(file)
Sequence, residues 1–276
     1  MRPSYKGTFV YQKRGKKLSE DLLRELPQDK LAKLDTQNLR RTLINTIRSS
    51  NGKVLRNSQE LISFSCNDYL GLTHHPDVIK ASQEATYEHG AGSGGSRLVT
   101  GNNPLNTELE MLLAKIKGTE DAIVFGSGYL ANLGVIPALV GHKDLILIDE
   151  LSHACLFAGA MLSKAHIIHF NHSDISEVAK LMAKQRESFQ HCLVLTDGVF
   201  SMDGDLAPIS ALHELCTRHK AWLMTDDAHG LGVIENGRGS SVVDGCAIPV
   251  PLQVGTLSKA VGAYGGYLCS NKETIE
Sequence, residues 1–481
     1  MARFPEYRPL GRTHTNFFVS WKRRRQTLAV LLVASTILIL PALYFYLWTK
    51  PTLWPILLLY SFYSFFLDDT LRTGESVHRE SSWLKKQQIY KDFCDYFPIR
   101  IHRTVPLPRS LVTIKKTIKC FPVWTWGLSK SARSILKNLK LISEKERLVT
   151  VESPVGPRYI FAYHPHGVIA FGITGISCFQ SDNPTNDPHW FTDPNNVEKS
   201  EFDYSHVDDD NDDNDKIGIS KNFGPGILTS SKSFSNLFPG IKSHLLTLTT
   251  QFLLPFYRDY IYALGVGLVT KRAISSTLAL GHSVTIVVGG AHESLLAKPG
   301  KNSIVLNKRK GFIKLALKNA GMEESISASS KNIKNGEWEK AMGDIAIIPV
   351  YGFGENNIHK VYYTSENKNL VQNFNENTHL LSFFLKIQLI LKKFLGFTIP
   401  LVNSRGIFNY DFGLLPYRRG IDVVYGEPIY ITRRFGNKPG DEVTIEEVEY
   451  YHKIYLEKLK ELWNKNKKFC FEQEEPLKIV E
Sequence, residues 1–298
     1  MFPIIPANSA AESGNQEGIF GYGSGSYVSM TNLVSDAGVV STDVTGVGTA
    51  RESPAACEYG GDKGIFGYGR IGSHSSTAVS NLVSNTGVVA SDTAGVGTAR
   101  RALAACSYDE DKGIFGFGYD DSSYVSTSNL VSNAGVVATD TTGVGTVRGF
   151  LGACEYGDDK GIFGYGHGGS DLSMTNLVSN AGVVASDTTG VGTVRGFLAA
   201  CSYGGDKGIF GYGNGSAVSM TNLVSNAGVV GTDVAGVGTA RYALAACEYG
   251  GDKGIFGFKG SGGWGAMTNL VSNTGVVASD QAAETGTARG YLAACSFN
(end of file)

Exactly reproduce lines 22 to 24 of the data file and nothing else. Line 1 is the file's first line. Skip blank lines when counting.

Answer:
   101  RALAACSYDE DKGIFGFGYD DSSYVSTSNL VSNAGVVATD TTGVGTVRGF
   151  LGACEYGDDK GIFGYGHGGS DLSMTNLVSN AGVVASDTTG VGTVRGFLAA
   201  CSYGGDKGIF GYGNGSAVSM TNLVSNAGVV GTDVAGVGTA RYALAACEYG